Banner Default Image

​In the UK, the term lecturer is ambiguous and covers several academic ranks. The key distinction is between permanent/open-ended or temporary/fixed-term lectureships.

A permanent lecturer in UK universities usually holds an open-ended position that covers teaching, research, and administrative responsibilities. Permanent lectureships are tenure-track or tenured positions that are equivalent to an assistant or associate professorship in North America. After a number of years, a lecturer may be promoted based on his or her research record to become a senior lecturer. This position is below reader and professor.

Research lecturers (where they are permanent appointments) are the equivalent in rank of lecturers and senior lecturers, but reflect a research-intensive orientation. Research lecturers are common in fields such as medicine, engineering, and biological and physical sciences.

In contrast, fixed-term or temporary lecturers are appointed for specific short-term teaching needs. These positions are often non-renewable and are common post-doctoral appointments. In North American terms, a fixed-term lecturer can hold an equivalent rank to assistant professor without tenure. Typically, longer contracts denote greater seniority or higher rank. Teaching fellows may also sometimes be referred to as lecturers—for example, Exeter named some of that group as education and scholarship lecturers (E & S) to recognise the contribution of teaching, and elevate the titles of teaching fellows to lecturers. Some universities also refer to graduate students or others, who undertake ad-hoc teaching for a department sessional lecturers. Like adjunct professors and sessional lecturers in North America, these non-permanent teaching staff are often very poorly paid (as little as £6000 p.a. in 2011-12). These varying uses of the term lecturer cause confusion for non-UK academics.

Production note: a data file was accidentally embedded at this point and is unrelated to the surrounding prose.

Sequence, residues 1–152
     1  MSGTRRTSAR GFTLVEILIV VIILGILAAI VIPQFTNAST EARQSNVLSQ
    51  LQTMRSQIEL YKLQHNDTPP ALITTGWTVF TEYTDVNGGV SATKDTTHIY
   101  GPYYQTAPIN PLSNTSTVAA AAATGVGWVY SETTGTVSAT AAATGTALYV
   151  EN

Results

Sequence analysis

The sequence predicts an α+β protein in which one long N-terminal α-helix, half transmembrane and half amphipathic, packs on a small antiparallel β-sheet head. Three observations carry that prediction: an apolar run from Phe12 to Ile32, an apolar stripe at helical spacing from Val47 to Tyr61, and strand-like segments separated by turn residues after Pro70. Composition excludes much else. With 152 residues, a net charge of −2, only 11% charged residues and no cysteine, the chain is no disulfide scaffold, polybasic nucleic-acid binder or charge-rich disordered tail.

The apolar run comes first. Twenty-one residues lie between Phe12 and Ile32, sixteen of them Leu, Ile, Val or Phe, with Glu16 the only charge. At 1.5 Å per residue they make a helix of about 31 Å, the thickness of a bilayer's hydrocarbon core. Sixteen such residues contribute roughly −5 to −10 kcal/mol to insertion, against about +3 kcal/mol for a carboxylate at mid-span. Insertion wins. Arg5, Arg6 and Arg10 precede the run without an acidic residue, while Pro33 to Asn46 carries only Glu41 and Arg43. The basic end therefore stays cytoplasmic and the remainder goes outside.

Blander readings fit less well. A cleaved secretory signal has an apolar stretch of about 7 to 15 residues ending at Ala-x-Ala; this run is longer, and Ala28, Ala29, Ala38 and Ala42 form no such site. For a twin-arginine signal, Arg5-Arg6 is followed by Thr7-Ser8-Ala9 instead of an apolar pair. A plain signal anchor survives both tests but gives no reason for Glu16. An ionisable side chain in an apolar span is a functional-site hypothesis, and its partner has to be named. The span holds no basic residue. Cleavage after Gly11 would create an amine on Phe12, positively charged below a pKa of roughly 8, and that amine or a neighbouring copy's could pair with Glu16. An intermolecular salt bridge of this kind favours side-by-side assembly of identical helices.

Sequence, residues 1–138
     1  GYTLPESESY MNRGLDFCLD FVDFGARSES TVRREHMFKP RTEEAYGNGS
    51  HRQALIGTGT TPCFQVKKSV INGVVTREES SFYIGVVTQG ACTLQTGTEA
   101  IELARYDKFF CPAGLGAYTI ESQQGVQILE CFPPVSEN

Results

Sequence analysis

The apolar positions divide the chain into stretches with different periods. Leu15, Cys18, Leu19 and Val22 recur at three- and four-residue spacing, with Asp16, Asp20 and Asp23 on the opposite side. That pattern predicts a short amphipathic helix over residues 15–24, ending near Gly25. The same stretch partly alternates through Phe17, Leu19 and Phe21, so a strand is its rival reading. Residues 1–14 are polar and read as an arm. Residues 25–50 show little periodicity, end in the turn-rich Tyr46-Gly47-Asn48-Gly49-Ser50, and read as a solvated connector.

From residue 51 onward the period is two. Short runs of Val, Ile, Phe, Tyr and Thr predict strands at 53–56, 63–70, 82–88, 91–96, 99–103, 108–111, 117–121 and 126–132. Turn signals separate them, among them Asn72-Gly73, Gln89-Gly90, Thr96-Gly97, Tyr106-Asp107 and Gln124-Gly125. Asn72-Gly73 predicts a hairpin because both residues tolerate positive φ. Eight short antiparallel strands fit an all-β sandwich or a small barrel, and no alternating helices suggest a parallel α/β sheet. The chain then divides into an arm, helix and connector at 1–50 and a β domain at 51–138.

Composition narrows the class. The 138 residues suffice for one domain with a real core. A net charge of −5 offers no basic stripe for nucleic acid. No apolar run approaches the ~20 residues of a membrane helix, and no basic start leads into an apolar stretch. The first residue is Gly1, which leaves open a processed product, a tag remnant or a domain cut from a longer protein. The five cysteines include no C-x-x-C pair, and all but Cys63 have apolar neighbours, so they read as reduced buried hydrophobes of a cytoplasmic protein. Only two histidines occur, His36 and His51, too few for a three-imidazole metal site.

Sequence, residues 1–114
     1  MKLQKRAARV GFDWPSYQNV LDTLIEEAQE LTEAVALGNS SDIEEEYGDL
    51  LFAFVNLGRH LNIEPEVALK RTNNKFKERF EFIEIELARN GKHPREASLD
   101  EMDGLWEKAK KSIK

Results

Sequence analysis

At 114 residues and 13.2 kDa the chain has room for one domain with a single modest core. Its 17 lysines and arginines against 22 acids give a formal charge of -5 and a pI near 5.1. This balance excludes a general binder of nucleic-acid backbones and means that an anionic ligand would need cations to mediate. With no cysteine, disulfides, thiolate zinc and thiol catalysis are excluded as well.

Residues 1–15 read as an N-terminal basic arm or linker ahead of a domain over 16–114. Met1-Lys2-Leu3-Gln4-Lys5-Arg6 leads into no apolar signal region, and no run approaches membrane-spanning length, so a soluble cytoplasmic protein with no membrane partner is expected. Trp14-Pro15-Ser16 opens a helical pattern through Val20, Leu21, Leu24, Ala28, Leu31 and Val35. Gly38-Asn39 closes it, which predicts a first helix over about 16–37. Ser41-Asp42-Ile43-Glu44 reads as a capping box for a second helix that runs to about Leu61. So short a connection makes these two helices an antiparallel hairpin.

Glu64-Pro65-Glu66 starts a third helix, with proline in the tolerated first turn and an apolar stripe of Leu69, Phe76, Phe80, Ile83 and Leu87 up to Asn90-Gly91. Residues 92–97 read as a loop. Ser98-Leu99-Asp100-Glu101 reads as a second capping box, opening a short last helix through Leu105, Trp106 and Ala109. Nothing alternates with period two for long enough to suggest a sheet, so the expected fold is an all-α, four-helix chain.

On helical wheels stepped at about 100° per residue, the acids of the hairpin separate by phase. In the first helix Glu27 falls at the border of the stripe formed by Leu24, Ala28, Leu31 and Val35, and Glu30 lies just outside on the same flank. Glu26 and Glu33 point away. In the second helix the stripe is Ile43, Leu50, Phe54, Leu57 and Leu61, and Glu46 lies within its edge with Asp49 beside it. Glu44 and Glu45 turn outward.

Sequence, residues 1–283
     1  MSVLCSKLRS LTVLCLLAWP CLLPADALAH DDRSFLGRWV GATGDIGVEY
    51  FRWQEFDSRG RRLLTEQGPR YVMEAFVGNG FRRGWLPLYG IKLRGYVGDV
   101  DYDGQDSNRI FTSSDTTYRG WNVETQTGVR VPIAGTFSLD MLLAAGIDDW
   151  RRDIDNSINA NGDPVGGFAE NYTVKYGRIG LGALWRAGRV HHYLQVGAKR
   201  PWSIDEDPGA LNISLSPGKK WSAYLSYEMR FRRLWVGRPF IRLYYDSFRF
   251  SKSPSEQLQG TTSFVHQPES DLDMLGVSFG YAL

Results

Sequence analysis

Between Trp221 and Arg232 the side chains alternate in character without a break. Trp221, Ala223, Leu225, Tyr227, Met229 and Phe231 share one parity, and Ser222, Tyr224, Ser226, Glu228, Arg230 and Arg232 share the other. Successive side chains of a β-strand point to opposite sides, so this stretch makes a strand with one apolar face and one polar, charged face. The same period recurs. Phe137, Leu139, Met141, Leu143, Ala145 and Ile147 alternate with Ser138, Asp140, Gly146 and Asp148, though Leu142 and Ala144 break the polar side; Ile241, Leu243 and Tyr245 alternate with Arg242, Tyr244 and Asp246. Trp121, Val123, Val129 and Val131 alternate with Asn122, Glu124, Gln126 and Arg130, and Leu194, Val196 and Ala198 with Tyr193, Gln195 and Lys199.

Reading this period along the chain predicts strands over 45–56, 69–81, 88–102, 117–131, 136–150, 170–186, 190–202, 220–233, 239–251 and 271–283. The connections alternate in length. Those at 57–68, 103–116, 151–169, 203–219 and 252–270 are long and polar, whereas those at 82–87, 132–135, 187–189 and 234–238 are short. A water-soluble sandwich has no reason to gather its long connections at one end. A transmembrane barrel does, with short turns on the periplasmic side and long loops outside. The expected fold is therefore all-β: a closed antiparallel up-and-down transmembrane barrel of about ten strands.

As a proportion of UK academic staff, the proportion of permanent lectureships has fallen considerably. This is one reason why permanent lectureships are usually secured only after several years of post-doctoral experience. Data from the Higher Education Statistics Agency show that in 2013–14, 36 per cent of full- and part-time academic staff were on fixed-term contracts, down from 45 per cent a decade earlier. Over the same period, the proportion of academic staff on permanent contracts rose from 55 per cent to 64 per cent. Others were on contracts classed as "atypical".'[5]

​Warwick (/ˈwɒrɪk/ WOR-ik) is a market town and county town of Warwickshire, England. It lies near the River Avon, 11 miles (18 km) south of Coventry and west of Leamington Spa and Whitnash. Its population was 31,345 in 2011. Signs of Neolithic activity precede unbroken habitation to the 6th century AD. It was a Saxon burh in the 9th century; Warwick Castle was built during the Norman conquest of England. Warwick School claims to be the country's oldest boys' school. The earldom of Warwick, created in 1088, controlled the town and built its walls, of which Eastgate and Westgate survive. The castle became a fortress, then a mansion. The Great Fire of Warwick in 1694 destroyed much of the town. Warwick missed industrialisation, but the population has grown almost sixfold since 1801.

Latest jobs